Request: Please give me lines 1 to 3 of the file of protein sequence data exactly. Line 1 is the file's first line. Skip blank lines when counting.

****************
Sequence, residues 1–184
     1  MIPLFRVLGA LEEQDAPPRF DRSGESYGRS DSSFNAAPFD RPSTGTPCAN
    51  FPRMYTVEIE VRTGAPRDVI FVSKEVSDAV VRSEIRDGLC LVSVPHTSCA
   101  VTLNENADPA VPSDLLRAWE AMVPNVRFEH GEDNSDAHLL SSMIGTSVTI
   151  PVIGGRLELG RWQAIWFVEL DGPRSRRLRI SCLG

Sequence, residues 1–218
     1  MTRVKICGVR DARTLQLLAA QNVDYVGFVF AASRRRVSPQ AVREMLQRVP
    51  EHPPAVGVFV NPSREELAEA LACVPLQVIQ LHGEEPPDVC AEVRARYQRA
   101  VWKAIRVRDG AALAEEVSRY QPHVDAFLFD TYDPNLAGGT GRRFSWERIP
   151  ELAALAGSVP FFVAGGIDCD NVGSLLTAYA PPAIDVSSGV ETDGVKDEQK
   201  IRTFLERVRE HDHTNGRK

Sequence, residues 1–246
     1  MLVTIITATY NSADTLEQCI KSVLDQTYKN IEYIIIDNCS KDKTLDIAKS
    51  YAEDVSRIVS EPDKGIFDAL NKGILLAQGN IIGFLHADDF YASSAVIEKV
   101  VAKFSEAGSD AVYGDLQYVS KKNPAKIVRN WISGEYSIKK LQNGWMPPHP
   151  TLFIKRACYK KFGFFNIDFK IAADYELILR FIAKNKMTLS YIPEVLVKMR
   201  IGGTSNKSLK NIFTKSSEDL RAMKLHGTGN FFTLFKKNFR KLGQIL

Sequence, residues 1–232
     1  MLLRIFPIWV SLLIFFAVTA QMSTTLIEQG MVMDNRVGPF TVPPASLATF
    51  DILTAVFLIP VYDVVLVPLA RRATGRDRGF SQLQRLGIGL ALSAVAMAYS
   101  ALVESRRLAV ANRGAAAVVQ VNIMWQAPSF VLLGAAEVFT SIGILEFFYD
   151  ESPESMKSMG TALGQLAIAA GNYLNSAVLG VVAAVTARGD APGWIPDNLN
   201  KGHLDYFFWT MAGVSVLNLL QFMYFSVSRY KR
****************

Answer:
Sequence, residues 1–184
     1  MIPLFRVLGA LEEQDAPPRF DRSGESYGRS DSSFNAAPFD RPSTGTPCAN
    51  FPRMYTVEIE VRTGAPRDVI FVSKEVSDAV VRSEIRDGLC LVSVPHTSCA